La Jolla, Calif., May 28, 2015 - A new collaborative study led by researchers at Sanford-Burnham Medical Research Institute (Sanford-Burnham), published today in Cell Reports, provides new insight into the molecular changes that lead to resistance to a commonly prescribed group of drugs called BRAF inhibitors. The findings suggest that targeting newly discovered pathways could be an effective approach to improving the clinical outcome of patients with BRAF inhibitor-resistant melanoma tumors.
Melanoma is the deadliest form of skin cancer, killing more than 8,000 people in the U.S. each year. Approximately 50 percent of melanoma tumors are driven by mutations in the BRAF gene, and patients with these tumors are prescribed BRAF inhibitors. Although BRAF inhibitors rapidly and effectively shrink tumors, their success is limited because most tumors become resistant to the drugs within a few months.
"Melanoma tumors can develop resistance to BRAF inhibitors by using alternate signaling pathways that promote cell growth," said Ze'ev Ronai, Ph.D., scientific director of Sanford-Burnham's La Jolla campus and senior author of the study. "Our study has identified a different pathway, JAK1, as a driver of resistance to BRAF inhibitors, and suggests that targeting JAK1 could overcome such resistance, thereby improving the durability of the response to BRAF inhibitors."
How it works
The research team analyzed BRAF inhibitor resistance in melanoma cell lines, mice bearing human melanoma tumors, and in human tumor biopsy samples. They found higher levels of JAK1 in resistant tumors, which caused increased expression of epidermal growth factor (EGFR)--a receptor tyrosine kinase that promotes cell proliferation. The increase in JAK1 was due to low levels of the protein that regulates its expression, ubiquitin ligase RNF125.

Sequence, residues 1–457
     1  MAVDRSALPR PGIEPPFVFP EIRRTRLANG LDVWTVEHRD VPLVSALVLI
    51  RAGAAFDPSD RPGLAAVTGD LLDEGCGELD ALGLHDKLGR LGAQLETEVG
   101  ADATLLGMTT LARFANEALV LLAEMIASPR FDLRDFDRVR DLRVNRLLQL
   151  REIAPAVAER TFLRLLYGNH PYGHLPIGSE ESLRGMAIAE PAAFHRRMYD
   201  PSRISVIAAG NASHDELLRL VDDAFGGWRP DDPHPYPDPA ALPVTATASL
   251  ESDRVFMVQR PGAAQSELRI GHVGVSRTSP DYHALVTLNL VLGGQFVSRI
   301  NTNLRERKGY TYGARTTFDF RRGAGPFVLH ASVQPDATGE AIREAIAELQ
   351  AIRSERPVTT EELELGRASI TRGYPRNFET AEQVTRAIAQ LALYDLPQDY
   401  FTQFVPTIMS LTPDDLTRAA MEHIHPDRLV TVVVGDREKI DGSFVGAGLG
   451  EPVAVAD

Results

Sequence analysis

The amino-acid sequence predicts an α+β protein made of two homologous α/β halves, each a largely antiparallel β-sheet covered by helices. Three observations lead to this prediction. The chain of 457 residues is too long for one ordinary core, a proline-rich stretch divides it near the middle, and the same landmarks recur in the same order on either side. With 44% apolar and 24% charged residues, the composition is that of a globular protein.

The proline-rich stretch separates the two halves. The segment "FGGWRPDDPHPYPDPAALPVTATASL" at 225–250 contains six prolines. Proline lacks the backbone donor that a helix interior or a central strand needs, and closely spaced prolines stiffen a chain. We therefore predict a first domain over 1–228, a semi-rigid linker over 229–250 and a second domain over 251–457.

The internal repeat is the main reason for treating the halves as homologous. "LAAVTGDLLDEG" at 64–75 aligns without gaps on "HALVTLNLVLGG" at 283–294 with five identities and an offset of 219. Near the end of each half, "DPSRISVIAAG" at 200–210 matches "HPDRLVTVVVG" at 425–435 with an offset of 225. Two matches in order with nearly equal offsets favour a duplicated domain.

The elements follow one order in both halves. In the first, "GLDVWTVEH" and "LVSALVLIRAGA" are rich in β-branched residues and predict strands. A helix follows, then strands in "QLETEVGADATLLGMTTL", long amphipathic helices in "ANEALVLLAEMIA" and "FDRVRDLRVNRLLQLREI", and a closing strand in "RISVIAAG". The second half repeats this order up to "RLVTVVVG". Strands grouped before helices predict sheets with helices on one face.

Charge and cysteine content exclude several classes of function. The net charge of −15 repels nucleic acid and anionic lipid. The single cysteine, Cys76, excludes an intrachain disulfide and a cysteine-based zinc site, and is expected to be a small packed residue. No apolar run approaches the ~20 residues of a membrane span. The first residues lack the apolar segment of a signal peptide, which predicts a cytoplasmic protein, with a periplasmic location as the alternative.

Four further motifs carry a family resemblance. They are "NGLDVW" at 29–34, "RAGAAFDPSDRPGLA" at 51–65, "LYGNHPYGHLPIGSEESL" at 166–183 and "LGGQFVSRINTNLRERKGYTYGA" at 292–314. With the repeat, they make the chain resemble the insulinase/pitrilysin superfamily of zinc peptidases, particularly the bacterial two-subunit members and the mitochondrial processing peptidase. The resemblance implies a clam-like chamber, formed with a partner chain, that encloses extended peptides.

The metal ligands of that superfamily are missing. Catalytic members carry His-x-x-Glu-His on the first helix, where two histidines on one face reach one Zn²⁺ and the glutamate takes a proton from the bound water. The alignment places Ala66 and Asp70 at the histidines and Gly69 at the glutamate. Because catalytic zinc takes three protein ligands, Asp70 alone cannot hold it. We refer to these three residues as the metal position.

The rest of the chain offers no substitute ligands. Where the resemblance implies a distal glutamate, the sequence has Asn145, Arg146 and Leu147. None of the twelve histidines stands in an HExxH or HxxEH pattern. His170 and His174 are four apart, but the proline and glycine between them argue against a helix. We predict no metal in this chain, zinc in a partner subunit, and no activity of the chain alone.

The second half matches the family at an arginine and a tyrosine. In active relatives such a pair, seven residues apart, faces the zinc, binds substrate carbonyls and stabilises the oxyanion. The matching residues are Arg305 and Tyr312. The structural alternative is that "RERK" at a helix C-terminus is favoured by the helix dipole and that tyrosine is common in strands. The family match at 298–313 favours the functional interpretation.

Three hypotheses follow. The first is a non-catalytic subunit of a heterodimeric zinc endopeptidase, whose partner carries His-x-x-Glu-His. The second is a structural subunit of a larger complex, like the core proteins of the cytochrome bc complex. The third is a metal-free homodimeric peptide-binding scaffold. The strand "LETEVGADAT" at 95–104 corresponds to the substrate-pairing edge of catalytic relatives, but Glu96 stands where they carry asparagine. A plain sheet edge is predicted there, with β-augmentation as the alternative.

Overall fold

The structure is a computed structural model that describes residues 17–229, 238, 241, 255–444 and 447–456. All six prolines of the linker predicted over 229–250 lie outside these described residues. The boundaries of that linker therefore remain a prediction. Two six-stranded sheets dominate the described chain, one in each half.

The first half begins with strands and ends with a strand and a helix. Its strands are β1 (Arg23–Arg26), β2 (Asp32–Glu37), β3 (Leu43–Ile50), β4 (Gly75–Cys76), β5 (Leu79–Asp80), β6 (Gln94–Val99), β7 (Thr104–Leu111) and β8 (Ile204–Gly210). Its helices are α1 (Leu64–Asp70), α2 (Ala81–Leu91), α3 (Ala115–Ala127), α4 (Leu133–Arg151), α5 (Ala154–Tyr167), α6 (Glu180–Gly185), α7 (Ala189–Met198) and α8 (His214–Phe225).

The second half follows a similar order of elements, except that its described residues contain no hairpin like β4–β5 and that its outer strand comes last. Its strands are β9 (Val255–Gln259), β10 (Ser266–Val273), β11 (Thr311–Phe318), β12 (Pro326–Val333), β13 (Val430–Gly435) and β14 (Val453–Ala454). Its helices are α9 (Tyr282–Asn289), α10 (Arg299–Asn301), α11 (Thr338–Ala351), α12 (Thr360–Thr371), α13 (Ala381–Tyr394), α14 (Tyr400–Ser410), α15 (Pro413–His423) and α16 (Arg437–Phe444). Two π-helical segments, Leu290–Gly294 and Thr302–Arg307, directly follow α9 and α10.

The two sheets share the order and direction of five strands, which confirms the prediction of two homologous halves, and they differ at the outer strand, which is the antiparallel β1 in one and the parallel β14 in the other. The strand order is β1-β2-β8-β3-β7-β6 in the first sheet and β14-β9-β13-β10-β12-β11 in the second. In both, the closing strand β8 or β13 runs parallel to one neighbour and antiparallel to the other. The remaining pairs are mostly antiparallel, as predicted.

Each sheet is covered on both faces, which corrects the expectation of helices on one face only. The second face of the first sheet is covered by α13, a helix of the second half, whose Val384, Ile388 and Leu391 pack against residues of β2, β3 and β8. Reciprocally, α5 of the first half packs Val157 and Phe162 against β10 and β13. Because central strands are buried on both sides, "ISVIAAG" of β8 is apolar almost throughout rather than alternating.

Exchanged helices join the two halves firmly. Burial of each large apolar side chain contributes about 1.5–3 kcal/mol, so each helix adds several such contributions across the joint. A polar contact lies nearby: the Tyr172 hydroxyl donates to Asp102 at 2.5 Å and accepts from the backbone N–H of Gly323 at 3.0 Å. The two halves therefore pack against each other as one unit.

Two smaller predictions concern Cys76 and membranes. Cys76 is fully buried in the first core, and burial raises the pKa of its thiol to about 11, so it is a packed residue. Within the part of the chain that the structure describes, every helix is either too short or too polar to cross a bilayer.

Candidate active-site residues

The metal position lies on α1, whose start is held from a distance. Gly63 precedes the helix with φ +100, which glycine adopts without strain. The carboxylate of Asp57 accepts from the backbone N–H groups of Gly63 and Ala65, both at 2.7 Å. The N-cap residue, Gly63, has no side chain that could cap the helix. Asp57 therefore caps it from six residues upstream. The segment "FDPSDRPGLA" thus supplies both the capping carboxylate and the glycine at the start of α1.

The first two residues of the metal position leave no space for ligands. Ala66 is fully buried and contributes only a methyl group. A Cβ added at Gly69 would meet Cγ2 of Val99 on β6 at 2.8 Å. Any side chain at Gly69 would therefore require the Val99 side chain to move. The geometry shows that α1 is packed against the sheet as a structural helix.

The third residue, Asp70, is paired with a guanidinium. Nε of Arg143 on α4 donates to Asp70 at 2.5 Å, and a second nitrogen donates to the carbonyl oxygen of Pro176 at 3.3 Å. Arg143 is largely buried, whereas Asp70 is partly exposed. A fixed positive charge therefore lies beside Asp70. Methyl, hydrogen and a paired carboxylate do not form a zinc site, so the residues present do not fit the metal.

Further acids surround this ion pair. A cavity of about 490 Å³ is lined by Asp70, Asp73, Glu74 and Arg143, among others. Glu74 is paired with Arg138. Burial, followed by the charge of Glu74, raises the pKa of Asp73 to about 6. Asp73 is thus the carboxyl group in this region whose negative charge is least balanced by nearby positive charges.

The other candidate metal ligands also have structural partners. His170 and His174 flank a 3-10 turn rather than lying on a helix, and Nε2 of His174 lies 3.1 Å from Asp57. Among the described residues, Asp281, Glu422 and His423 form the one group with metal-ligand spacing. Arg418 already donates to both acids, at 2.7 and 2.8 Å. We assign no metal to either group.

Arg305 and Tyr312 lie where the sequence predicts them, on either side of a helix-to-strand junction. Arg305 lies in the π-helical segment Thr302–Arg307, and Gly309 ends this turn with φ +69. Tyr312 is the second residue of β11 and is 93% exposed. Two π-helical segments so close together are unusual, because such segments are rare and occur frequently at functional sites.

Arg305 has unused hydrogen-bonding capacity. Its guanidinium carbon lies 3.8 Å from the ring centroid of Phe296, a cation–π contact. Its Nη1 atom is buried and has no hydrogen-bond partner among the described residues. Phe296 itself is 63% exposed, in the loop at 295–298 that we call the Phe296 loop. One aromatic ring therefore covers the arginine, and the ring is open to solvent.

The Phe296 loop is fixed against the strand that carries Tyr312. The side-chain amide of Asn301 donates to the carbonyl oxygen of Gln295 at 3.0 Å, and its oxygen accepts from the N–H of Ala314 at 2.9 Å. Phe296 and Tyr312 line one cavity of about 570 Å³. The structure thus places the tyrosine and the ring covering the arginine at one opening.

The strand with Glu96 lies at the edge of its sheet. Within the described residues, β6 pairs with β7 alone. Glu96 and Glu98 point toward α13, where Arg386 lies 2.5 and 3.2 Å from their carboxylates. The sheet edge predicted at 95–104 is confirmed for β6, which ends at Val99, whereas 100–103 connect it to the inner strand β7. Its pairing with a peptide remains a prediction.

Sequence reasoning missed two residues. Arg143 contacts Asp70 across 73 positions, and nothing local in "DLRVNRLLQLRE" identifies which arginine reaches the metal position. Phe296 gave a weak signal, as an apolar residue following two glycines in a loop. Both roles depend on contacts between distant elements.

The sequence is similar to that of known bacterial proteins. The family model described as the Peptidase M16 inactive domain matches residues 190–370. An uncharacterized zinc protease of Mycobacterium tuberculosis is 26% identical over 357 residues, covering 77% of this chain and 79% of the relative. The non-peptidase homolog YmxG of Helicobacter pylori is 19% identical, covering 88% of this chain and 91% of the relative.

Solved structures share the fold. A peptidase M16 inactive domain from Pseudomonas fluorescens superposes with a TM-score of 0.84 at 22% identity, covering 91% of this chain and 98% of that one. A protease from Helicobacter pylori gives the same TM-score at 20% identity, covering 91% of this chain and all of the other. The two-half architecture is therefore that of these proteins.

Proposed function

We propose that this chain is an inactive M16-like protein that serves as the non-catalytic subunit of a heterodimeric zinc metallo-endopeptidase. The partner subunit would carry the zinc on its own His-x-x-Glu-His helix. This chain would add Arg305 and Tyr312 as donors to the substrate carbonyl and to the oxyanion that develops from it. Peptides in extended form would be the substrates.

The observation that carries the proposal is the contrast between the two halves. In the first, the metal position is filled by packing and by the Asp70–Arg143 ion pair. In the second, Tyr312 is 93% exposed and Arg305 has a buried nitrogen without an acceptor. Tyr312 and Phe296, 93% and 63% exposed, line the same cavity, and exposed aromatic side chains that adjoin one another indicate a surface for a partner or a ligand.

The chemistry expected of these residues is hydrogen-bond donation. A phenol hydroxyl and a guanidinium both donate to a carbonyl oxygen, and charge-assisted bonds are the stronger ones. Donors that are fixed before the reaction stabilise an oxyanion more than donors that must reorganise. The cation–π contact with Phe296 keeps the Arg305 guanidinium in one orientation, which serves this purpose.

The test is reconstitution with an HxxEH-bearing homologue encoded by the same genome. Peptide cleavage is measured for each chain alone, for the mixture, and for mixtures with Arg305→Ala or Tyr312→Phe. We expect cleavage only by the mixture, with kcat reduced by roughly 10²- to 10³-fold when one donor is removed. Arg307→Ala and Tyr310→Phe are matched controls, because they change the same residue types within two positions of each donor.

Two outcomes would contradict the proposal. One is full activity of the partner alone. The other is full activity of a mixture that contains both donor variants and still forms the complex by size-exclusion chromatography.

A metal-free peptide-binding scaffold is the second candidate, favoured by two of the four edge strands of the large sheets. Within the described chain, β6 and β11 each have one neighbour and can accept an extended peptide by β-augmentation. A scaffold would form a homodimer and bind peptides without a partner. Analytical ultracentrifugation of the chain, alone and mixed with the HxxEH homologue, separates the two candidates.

JAK1 is part of a well-studied regulatory network of proteins that is involved in the control of cell growth, differentiation, apoptosis, inflammation, and immune response. Until know, JAK1 was not known to play a role in melanoma or its resistance to therapy.
"By helping us understand that lower levels of RNF125 confer resistance to BRAF inhibitors, we have a new strategy to stratify patients for currently approved therapy versus participation for human clinical trials to investigate whether targeting JAK1 will be more effective in patients whose tumors exhibit reduced RNF125," said Keith T. Flaherty, M.D., associate professor, Harvard Medical School, and director of Developmental Therapeutics, Cancer Center, Massachusetts General Hospital, and co-author of the study. "It will be important to determine whether JAK1 therapy alone or in combination with EGFR and BRAF inhibitors will elicit a better response."
The study was an international collaboration involving scientists from Massachusetts General Hospital (Harvard University) Mass.; University of Zurich, Switzerland; the University of Texas MD Anderson Cancer Center, Texas; the National Cancer Institute, Md.; and Yale School of Medicine, Conn.
This study was funded by NIH grant CA128814, and by grants from the Melanoma Research Foundation and the Hervey Family Non-endowment Fund at the San Diego Foundation.
ABOUT SANFORD-BURNHAM MEDICAL RESEARCH INSTITUTE
Sanford-Burnham Medical Research Institute is dedicated to discovering the fundamental molecular causes of disease and devising the innovative therapies of tomorrow. Sanford-Burnham takes a collaborative approach to medical research with major programs in cancer, neurodegeneration and stem cells, diabetes, and infectious, inflammatory, and childhood diseases. The Institute is recognized for its National Cancer Institute-designated Cancer Center, its NIH-designated Neuroscience Center Cores, and expertise in drug discovery technologies. Sanford-Burnham is a nonprofit, independent institute that employs more than 1,000 scientists and staff in San Diego (La Jolla), Calif., and Orlando (Lake Nona), Fla. For more information, visit us at sanfordburnham.org.